Thursday 22nd April is Earth Day. It’s a time to honour our planet, celebrate her gifts to us and draw attention to the damage we’re causing. Does attention still need to be drawn to our catastrophic environmental impact? Surely by now we’re all aware? Earth Day will involve over a billion people worldwide, raising awareness, focusing on sustainability and protecting habitats for all of Earth’s offspring.
My intention here isn’t to underline the gravity of the situation or to lament the losses. There’s ample and important information about that elsewhere. But if deforestation, desertification, climatic destabilization, pollution and the exponential rate of extinction are symptoms, what is the underlying malady? And what remedies are needed? What does Earth Medicine offer?
The Earth and all her expressions are the primary inspiration and source of Earth Wisdom Teachings. Long ago, in communities that lived close to the Earth, women and men sat in communion with the Earth to contemplate Life and our relationship with it. Their insights have evolved into a powerful body of knowledge that is very relevant now. It reminds and reawakens our relationship with the Earth and all Life.
In our world today around 370 to 500 million of us are indigenous. That’s about 5% of the global population, but they care for 80% of the biodiversity, including some highly significant carbon sinks such as rainforests. In general they have a deeper sense of relationship with the Earth and sophisticated knowledge of ecological interrelatedness.
The mainstream paradigm views humanity as having ‘dominion over’ the Earth, plants and animals (“over the fish of the sea … birds of the heavens .. livestock, the earth and every creeping thing…” – The Bible, page 1.). This sense of superiority separates us from Nature. But we also perceive ourselves as separate because at the current point in our evolution our waking consciousness tends to be dominated by thinking.
Thinking is a tremendous faculty of consciousness, but it is only one faculty. For most of us there is an incessant stream of involuntary thinking going on all our waking lives. This can drown out other faculties and be like a filter between us and Life around us. It can seem that thinking is all there is, because our thinking mind only notices thinking: it can’t think of not thinking. This closes down our connection with the Earth.
When we direct attention into the present moment – for example to our sense perceptions – part of us is not thinking but perceiving. Noticing what is, here and now, is a different faculty of consciousness to thinking. It is the essence of mindfulness and meditation. Noticing the silent gaps between thought brings our attention into the present moment and opens the doorway to a more direct relationship with Life.
In many indigenous people cultures, noticing is probably more used than our mainstream culture, because these people have traditionally spent time observing Nature in order to hunt and gather. And actually the ancestors of everyone alive today lived in that way, and the ability to be present present is innate in all of us, if we choose to use it.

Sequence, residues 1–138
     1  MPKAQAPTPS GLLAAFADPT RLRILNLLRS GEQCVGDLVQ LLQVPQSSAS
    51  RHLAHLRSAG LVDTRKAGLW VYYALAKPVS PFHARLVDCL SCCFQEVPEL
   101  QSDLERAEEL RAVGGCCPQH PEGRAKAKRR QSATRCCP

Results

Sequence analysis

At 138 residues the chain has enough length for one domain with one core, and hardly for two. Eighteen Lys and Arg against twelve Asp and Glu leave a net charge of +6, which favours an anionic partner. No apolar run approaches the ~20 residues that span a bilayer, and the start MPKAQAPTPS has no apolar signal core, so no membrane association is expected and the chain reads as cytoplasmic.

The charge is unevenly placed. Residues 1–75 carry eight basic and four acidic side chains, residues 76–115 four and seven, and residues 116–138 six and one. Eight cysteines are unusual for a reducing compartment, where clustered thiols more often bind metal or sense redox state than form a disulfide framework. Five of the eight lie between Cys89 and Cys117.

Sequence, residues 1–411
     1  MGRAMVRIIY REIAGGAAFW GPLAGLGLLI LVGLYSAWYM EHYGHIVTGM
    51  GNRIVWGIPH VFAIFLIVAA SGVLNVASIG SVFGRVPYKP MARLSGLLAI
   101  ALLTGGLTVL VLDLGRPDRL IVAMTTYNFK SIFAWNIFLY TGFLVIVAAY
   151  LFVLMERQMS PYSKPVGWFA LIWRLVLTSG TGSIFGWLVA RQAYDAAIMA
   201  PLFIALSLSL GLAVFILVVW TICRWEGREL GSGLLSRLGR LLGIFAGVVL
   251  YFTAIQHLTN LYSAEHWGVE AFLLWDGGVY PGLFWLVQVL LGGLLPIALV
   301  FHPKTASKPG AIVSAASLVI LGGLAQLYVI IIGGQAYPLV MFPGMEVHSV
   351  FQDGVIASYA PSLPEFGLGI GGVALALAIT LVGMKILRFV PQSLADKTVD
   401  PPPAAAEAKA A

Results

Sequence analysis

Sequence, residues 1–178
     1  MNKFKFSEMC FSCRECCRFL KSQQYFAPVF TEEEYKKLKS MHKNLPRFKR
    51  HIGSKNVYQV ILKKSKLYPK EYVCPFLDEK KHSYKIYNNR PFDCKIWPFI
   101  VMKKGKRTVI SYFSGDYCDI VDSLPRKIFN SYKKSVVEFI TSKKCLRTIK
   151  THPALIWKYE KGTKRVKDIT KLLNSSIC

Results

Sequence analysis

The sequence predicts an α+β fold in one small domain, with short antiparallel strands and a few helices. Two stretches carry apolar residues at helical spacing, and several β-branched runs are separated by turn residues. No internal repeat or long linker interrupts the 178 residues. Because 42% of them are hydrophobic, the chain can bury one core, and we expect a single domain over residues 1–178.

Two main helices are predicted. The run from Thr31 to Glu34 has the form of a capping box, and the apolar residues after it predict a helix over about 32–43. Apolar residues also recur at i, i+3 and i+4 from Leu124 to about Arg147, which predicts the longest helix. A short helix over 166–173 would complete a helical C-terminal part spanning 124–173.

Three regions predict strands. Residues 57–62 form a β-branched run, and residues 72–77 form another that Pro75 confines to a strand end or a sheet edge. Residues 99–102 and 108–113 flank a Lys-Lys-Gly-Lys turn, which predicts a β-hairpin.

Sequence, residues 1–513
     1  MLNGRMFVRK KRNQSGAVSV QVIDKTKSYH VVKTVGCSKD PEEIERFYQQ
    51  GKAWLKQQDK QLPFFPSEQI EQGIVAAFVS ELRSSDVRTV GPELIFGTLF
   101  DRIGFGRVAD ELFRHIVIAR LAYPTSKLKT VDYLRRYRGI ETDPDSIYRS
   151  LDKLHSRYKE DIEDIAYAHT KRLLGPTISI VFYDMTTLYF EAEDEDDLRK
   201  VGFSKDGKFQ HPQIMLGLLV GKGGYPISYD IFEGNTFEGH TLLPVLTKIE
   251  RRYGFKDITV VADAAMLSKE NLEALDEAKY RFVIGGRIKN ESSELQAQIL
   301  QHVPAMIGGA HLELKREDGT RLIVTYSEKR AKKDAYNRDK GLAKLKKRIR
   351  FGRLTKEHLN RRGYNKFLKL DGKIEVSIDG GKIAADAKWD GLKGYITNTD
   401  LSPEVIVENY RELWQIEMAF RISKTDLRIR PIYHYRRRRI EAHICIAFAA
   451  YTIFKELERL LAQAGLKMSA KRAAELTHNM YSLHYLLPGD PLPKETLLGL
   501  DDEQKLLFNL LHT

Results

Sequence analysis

The present moment is the doorway to awareness and to other faculties of consciousness. Among these are intuition, intention, dreaming and heart-knowing. All humans have these faculties, and when we activate them we come into the full spectrum of consciousness. Through this we can experience a richer, deeper relationship with Mother Earth, one of respect for all Life.
Our culture is dominated by ‘dead-matter thinking’. Dead-matter thinking means we look at objects as devoid of life, spirit and consciousness, so it doesn’t matter how we treat them. They’re disposable. But when we treat the things around us with respect, we treat ourselves with respect.
One of the insights of many indigenous elders is that all energy has consciousness. All things are sacred: all things are part of the whole. Even trash is sacred. When we realize that all energy has consciousness – when this becomes real for us – our relationship with the Earth and with our Self expands. It comes into wholeness.
This shift in the collective consciousness is needed in order to heal. It is a step forward in our collective evolution, one that we are called to make every day, for every day is an Earth Day.
A practice for Earth Day.
You can deepen relationship with the Earth anywhere, though it may help to be in Nature, and relatively undisturbed Nature if possible. Simply going for a walk in the woods or sitting in silence, deeply listening are ways to honour the relationship. The following is one practice I have used to commune with the Earth.
In this practice find a spot – preferably where you won’t be disturbed. Lie face down on the Earth. Become present: open your sense-perceptions – smell and touch the Earth. Open up and let the planet fill your awareness. Be present, and let the Earth’s presence come into you.
When you are ready, begin to speak with the Earth. Thank her for all that she provides: food, shelter, clothing, tools and even your body. Open to any subtle teaching or healing she may offer. (You may need to slow down enough to deeply listen.) You may also like to ask for the support you need in the time to come. Then make whatever commitment you’re ready to make to heal our relationship with her. And there may be some actions you want to commit to regularly to strengthen your relationship with her.
To complete you may like to offer her a kiss and carry this Earth connection back into the rest of your day.
Wishing you well with this and other practices.